As I mentioned previously there are many ways for foreign buyers to sway a market, without it being strictly Foreign Buyer A slapping down cash for Canadian Seller B's house.
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  #6828  
Old Posted Apr 21, 2017, 8:54 PM
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Originally Posted by cornholio View Post
Year over year sales in Vancouver fell further last month again. Prices are not up, they are down over the past 6 months. Looks like a typical bear trap before the steam runs out. Lots of things will be happening in 2018 with interest rates and tightening up along with oversupply saturating the market.
Interest rates are actually declining right now, RBC just lowered their 5 year rate by 0.2 points.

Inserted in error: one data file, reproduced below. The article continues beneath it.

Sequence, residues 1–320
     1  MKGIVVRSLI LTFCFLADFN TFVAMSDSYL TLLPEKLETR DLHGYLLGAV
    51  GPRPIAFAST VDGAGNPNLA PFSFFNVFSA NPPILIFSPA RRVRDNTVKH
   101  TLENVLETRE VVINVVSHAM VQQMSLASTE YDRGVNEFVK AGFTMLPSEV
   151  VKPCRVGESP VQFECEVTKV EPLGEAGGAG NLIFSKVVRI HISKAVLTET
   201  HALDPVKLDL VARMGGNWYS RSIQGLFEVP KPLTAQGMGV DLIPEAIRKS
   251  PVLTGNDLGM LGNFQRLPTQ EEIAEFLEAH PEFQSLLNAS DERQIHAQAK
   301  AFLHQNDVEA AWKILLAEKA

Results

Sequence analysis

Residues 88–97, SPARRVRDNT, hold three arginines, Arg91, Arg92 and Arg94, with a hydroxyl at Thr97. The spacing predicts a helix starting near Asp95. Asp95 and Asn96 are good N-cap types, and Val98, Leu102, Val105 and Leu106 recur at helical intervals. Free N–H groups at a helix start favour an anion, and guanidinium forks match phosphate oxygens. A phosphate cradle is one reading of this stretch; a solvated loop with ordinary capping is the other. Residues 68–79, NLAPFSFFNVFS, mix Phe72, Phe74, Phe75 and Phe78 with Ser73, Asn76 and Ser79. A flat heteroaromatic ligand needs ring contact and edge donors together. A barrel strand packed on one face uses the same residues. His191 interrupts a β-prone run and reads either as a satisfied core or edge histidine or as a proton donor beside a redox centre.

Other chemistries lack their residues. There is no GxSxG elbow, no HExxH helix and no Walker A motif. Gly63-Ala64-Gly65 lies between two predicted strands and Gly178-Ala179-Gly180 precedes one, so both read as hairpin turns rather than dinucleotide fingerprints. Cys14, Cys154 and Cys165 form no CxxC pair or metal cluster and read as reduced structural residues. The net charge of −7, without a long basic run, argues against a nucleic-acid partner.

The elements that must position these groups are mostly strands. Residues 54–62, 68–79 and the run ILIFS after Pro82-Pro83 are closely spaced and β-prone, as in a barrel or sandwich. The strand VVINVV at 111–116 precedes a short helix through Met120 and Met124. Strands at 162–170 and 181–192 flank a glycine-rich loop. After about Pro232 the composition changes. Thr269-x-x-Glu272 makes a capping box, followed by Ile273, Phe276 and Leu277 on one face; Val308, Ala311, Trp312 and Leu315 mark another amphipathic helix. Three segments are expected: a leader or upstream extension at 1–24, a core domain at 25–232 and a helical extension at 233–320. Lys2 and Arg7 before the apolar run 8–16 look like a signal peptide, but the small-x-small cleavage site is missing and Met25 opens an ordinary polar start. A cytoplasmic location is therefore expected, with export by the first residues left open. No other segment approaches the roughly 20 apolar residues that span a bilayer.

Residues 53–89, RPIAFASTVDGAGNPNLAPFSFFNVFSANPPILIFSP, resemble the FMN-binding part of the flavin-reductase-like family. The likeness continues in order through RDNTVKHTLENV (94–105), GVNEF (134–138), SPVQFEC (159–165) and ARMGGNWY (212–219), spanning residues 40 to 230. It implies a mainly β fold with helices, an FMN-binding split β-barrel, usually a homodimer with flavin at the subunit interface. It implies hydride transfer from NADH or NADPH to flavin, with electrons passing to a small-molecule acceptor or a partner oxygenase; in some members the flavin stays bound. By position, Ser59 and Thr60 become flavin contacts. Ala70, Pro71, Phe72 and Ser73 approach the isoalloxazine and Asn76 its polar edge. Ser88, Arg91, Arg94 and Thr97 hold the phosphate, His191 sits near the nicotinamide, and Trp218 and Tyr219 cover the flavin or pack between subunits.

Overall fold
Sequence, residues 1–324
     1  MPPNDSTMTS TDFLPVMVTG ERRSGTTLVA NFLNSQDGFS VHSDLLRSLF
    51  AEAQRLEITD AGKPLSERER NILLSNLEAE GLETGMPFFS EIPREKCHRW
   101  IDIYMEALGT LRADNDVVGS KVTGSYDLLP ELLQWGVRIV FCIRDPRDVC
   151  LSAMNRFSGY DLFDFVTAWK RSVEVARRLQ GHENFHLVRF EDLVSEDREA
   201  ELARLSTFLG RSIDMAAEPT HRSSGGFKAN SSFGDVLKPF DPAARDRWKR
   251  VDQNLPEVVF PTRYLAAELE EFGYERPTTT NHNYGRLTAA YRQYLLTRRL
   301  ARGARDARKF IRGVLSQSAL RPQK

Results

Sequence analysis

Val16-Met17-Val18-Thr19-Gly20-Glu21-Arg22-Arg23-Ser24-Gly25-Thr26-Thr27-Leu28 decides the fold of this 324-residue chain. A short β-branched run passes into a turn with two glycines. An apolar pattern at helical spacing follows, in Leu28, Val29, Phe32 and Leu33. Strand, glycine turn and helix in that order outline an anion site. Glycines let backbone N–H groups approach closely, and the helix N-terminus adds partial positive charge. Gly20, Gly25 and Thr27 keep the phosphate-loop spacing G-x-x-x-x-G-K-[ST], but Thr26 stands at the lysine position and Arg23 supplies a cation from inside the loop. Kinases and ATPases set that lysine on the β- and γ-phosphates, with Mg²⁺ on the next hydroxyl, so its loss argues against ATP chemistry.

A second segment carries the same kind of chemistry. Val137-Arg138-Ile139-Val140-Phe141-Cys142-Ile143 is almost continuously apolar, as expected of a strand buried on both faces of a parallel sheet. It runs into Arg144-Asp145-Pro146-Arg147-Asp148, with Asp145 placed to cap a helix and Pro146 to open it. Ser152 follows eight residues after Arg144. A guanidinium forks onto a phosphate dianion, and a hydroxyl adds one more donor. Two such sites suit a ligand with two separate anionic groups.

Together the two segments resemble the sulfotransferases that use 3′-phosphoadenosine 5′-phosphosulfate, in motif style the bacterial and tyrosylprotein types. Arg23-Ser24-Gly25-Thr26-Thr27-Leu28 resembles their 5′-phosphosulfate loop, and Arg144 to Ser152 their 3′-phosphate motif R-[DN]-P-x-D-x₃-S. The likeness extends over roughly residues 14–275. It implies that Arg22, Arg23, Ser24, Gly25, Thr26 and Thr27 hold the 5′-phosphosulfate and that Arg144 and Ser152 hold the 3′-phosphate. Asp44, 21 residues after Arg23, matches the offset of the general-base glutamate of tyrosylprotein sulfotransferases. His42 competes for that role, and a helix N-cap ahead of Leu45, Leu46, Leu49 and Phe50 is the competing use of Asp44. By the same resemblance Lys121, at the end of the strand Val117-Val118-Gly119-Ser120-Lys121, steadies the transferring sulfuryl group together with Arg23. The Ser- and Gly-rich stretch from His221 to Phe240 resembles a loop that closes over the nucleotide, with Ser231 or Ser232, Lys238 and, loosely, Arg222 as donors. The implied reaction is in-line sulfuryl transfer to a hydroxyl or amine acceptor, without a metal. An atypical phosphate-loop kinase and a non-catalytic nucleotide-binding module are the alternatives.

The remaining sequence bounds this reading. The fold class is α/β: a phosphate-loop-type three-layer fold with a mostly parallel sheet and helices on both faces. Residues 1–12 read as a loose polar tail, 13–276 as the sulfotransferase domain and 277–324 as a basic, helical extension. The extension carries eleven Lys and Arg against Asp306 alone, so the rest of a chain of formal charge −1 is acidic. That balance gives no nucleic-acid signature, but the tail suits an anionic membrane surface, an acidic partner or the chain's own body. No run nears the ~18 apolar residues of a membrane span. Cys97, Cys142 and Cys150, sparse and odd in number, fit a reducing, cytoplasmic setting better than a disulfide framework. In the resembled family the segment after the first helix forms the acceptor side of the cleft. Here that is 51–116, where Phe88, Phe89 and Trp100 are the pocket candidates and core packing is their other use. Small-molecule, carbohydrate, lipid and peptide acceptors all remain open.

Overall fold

As for the Vancouver pricing, they are showing signs of increasing yet again.

http://www.theglobeandmail.com/real-...ticle34726396/

http://www.cbc.ca/news/canada/britis...limb-1.4073731
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  #6829  
Old Posted Apr 22, 2017, 12:21 AM
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It's funny, the media is exploding about the foreign buyer tax being implemented in Ontario but the other measures are actually a lot more significant.

Among the slate of measures:
1) Allowing municipalities to impose a vacancy tax
2) A new law against "property speculation"--from my understanding, this will make it illegal to buy a pre-construction unit, and then sell it for a profit before closing (must either wait until closing, or sell at break-even)
3) Giving municipalities the authority to increase property tax rates on vacant properties that have redevelopment plans approved--this is intended to push builders to quickly move their plans to market instead of sitting on approvals

And most significantly of all, a bunch of changes to rental laws have been thrown in too.